In the beginning………


In August 1972, planning permission was granted on an application submitted by Total Oil for erection of a Self-service Petrol Filling Station on ground that currently included an entrance drive from Marsland Road to the rear of the Brooklands Hotel, which was situated on the corner of the junction of Marsland Road and Hope Road. Planning permission was also granted (presumably contemporaneously) for the erection of a large office block on the actual site of the Brooklands Hotel.

  The Brooklands Hotel was originally built in 1872 and amongst its claims to fame was that it was the site of the signing of the first agreement between capital and labour in the cotton industry. The document signed in 1893 between employer and employee was called the Brooklands Agreement. 

Brooklands Hotel 1925

Brooklands Hotel, 1925

  In 1926 it was realised that unless Manchester had a permanent airport the city would suffer commercially, and city officials lobbied for the establishment of a permanent airport. While Barton, five miles west of the city, was chosen as the site for the new airport, it had a number of problems and it was deemed to be unsuitable for larger aircraft. A new site found was south west of the city and construction of the new airfield, Ringway, began in 1934. The Brooklands Hotel had obviously already gained an enviable reputation for comfort and quality, demonstrated by the fact that now (and for many years to come) it would reputedly become THE ‘airport hotel’ for those travelling to Manchester by air, despite its distance from Ringway Airport.

  Laurel and Hardy were also famous visitors – during their visit to Bolton in September 1947 (at the Lido Cinema/Theatre), and although they could have stayed in a Bolton hotel  (or even at the Midland Hotel in Manchester, which they seemed to like), they stayed at the Brooklands Hotel.

 Sadly, as time went by and other hotels were eventually built closer to the airport, the use of the hotel as such diminished, although it remained extremely popular for functions and as a public house. However, once again, this remaining business was further diminished following the building of the ‘Little B’ less than a couple of hundred yards along Marsland Road, and the ‘Brooklands Tap’ right next door on Hope Road. These two pubs, designed and built for this purpose, sounded the death-knell for the Brooklands Hotel, as its size rendered it totally uneconomic. As a result, the hotel finally ceased trading and, together with the land it stood on, was put up for sale. Unfortunately, probably at that time no other purpose or type of use was envisaged or would have been permitted, and no purchaser prepared to continue its usage appeared. For one reason or another, attempts to have the building afforded listed or protected status came to naught (unlike the Sale Hotel nearly forty years later!). As a result, the site fell into the hands of those who would completely “redevelop” the site.

  Once planning permission was granted, in due course workers arrived with equipment to demolish the hotel, in preparation for the ‘redevelopment’ of the whole site.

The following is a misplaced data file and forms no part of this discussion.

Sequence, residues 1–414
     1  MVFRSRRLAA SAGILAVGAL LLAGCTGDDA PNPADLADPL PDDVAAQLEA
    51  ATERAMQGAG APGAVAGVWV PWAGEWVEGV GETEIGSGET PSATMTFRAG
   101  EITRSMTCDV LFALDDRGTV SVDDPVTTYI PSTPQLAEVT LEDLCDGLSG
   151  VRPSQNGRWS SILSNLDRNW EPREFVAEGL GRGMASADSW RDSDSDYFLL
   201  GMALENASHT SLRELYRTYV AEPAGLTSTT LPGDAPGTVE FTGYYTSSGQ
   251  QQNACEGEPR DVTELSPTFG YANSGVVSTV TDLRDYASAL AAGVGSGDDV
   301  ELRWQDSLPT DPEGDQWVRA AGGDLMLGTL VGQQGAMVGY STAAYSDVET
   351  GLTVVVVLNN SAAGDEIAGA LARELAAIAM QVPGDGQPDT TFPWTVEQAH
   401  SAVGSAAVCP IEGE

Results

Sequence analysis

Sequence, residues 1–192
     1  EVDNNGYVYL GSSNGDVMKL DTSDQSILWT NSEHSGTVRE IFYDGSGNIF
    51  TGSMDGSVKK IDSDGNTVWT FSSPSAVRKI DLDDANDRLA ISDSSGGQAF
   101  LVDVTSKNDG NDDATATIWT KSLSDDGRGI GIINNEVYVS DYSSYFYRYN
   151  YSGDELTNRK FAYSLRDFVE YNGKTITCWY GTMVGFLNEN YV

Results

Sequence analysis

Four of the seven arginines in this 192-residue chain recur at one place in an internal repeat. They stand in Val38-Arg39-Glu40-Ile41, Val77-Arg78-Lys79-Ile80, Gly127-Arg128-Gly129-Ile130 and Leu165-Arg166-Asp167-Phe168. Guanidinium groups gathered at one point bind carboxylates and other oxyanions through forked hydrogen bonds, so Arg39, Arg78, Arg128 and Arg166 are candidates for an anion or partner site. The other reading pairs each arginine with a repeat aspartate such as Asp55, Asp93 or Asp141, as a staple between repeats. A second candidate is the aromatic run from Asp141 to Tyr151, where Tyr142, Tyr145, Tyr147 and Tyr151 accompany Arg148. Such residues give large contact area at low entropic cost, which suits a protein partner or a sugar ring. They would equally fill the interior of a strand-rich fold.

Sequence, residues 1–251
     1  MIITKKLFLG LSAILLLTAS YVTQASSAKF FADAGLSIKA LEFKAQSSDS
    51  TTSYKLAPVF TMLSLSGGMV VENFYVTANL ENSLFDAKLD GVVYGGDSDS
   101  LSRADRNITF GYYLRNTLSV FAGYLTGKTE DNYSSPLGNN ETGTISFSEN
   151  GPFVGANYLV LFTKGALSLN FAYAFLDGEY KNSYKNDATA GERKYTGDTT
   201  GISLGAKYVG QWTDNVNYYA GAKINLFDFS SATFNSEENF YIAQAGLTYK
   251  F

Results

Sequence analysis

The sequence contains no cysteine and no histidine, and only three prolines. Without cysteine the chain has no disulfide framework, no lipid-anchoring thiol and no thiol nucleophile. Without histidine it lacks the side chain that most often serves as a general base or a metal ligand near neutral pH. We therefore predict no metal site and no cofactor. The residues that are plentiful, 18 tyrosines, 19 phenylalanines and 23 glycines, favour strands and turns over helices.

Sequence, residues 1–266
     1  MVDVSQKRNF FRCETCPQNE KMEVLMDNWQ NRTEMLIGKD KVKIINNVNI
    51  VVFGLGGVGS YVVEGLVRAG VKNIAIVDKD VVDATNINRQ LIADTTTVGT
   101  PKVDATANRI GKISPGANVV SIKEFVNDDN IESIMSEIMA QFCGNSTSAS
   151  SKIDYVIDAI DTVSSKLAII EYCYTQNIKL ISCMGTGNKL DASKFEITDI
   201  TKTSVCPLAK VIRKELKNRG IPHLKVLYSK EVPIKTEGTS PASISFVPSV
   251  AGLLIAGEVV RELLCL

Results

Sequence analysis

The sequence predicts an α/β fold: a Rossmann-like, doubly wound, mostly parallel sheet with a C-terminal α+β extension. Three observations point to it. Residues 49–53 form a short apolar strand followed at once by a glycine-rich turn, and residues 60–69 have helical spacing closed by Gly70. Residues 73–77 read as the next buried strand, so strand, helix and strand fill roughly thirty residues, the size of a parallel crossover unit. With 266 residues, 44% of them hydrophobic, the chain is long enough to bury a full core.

The “equipment” consisted of a small bulldozer, brought on a flatbed lorry – without any ramps or other method of off-loading the bulldozer. Following a couple of attempts to drive this off the lorry (nearly resulting in a nose-dive), the lorry was repositioned across Marsland Road with its tail against the raised banking (about five feet high) at the side of the hotel – a nice hold-up of traffic ensued….. The bulldozer was then driven onto the bank, which then left the problem of any further movement. Eventually, inspiration struck and it was decided to drive the bulldozer from the banking straight to the car park behind the hotel – down a 45 degree (or steeper?) slope….. A forward somersault was avoided, but only by travelling part way down in a (definitely unplanned) sideways slide…..

  When once again down on (more or less) level ground, it was no doubt considered that demolition could commence with few (if any) further problems. However, after several assaults were attempted using the bulldozer blade on different areas of the walls, which did remove a few bricks here and there, it was finally decided that a more effective method would be to attach one end of a chain to the bulldozer, run it through (widely) separated windows, re-attach the chain to the bulldozer and pull… Not quite that easy….. adjacent windows only! Two of the most notable side-effects of this method were that as each section was pulled out, large portions of both ground and upper floor walls collapsed, throwing out chunks and individual bricks some distance – including across the full width of Marsland Road! This, together with the associated thick clouds of dust, created somewhat of a hazard to anything and anybody intending to travel along Marsland Road – naturally, this then of course required a couple of the demolition men to dash out into the road, hold back the traffic as the walls fell, then hastily clear rubble off the road before waving traffic and pedestrians on their way once more. Fortunately, none of the neighbouring houses were struck by flying brickwork, although every house was still finding and clearing dust for some considerable while later.